Despite the staggering wealth of opportunities for meaningful exploration and play that sound composition offers, I don’t often see it used in composition classrooms. I believe there are a variety of reasons for this, including but not limited to…

  • a general lack of appreciation for the value of multimodal composition
  • intimidation surrounding working in an unfamiliar mode and/or genre
  • uncertainty concerning how to authentically integrate the content into coursework
  • perhaps most significant, anxiety regarding the required technology

With this list in mind, I’d like to take my next few blog posts to address some of these common hindrances to sound composition in the classroom. While using sound to teach composition may sound complicated or confusing, my experience has shown it to be the exact opposite. There are actually VERY accessible, intuitive, and user-friendly solutions to many of these concerns, and I’m excited to share some of my experience with using sound in the classroom in the hopes that this might encourage other educators to take the risk and give sound composition a try with their students! I can absolutely promise that you and your students will LOVE the things you discover when composing with sound.

 

 

Storify is Dead (Almost)

I don’t know if you’ve heard the terrible news. My much beloved Storify is dying. On May 16, 2018, Storify will be shutting down and deleting all of its content. They’ve posted the message loud and clear on their soon-to-be-deleted homepage.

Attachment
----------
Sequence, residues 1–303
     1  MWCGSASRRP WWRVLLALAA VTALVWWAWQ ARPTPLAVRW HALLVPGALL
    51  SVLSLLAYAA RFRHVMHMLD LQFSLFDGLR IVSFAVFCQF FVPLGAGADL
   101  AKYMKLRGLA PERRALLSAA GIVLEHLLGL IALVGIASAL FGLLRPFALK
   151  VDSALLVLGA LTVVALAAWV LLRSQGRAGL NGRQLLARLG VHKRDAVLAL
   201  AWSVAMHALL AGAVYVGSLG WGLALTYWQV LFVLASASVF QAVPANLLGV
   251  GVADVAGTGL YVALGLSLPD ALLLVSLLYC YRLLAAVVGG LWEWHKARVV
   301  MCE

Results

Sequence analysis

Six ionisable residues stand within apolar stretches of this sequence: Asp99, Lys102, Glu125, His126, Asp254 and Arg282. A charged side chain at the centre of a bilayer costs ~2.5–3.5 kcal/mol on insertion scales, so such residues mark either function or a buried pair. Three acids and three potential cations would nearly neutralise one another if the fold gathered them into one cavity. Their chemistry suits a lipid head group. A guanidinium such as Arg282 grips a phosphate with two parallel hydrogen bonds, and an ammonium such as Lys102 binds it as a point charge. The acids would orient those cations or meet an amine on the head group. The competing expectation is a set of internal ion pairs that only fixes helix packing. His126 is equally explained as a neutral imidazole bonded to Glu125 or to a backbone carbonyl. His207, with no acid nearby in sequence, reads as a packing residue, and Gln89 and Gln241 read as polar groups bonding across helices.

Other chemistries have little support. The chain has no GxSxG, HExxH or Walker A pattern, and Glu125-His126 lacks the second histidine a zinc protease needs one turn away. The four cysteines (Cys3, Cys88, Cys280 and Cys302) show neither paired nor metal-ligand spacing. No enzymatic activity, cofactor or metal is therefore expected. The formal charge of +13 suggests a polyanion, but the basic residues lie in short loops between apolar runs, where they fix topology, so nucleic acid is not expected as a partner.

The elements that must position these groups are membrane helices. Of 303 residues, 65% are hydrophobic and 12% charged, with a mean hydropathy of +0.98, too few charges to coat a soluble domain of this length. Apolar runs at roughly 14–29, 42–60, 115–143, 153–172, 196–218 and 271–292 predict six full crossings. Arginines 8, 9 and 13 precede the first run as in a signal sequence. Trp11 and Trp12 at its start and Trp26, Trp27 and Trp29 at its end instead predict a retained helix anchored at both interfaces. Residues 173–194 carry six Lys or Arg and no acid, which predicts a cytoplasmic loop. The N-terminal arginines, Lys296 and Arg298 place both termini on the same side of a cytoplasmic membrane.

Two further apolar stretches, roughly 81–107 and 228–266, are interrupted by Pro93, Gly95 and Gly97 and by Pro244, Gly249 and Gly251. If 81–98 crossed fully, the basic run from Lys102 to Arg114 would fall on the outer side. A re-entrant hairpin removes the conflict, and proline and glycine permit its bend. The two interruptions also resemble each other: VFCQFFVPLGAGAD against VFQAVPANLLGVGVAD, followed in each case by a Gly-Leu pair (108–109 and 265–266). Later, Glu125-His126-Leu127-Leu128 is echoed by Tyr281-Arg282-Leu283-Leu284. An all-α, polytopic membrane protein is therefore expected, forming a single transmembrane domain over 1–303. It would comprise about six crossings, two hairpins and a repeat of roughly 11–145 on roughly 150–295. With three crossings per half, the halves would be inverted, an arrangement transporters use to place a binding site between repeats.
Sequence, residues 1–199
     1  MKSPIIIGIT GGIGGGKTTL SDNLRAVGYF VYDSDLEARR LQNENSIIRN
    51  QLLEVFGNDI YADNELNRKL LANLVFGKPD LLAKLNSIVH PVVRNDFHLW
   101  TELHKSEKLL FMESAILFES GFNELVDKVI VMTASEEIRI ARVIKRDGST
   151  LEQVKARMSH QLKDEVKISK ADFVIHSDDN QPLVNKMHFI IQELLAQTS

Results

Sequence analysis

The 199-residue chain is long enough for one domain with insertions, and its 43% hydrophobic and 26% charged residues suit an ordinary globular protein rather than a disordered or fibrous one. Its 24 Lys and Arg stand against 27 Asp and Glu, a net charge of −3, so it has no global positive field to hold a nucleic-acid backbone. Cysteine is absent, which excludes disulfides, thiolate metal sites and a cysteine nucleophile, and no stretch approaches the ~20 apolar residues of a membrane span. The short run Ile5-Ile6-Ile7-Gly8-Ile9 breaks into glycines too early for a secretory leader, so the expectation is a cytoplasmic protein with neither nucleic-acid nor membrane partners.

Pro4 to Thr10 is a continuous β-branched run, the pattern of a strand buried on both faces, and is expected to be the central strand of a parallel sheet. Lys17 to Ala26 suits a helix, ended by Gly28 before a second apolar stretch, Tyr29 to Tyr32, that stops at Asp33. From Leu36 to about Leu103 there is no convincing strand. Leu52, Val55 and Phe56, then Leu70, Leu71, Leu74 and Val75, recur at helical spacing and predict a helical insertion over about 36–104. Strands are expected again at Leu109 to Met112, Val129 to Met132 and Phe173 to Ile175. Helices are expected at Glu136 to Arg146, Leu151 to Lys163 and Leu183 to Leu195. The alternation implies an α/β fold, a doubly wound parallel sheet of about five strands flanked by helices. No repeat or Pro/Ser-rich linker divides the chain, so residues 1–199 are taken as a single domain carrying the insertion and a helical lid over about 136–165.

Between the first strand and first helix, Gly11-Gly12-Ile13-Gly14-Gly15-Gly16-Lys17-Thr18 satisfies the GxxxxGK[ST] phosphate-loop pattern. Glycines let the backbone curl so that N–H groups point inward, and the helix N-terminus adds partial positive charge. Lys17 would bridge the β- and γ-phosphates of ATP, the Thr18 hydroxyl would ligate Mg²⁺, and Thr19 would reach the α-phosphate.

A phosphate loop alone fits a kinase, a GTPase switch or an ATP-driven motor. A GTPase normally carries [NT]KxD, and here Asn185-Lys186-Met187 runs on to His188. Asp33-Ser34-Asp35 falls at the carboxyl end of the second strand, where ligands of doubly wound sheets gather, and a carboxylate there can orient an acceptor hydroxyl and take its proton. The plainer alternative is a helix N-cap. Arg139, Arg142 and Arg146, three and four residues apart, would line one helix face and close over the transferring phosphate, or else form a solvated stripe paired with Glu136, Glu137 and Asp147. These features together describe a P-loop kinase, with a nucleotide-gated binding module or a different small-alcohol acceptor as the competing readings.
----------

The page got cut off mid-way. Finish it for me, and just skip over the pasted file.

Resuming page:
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Storify has been a regular feature on this blog.

I’m still sorting out how best to preserve while still continuing to share the content that I and students have built using Storify’s platform. I have until May 16th to figure it all out. Apparently, after May, I will have the option to use Storify 2 which comes inside of a purchased Livefyre license, but, if Storify is no longer free, it loses its value for me.

So, for now, it appears that my stand-in for this year’s students will be Padlet, which is essentially an online bulletin board that allows students to individually or collaboratively arrange links, images, and text in a secure, but shareable space. I’ll report back on the usefulness of this stand-in; however, before I get too ahead of myself, a moment of silence for Storify.

Playing with My Friends

I’ve blogged before about how much joy I get out of playfully collaborating with my colleagues to create exciting and awesome new ideas and compositions. From presenting at conferences to reflectively exploring new areas of scholarship to writing this awesome piece on composing with sound for Kairos: A Journal of Rhetoric, Technology, and Pedagogy, some of my best work has come from working alongside others to create something much greater and more complex than I could have come up with using just my mind alone.

Carrying on in this developing personal practice, I have teamed up with Kate Artz and Anne Mooney to publish our most recent piece with Kairos, “Transmodality in Action: A Manifesto.” It’s definitely my oddest, most experimental publication to date, but I love it passionately, largely because it was really really fun to make.

Don’t get me wrong; the scholarly value and complexity of my publications and research matters to me greatly. However, there is just no way around the fact that I like doing things that are a lot of fun with people that are fun to work with. Playing in this way inevitably leads me to create excellent work. And therein lies the heart of what I want to say in this post.

Here are some things that happen when I playfully explore my field alongside like minded colleagues:

  • I discover new facets and angles to issues that interest and excite me and that shape the way I think about my discipline.
  • I create high quality work that expresses my passion for my field and engages others to play with or dialogue over the ideas we are exploring.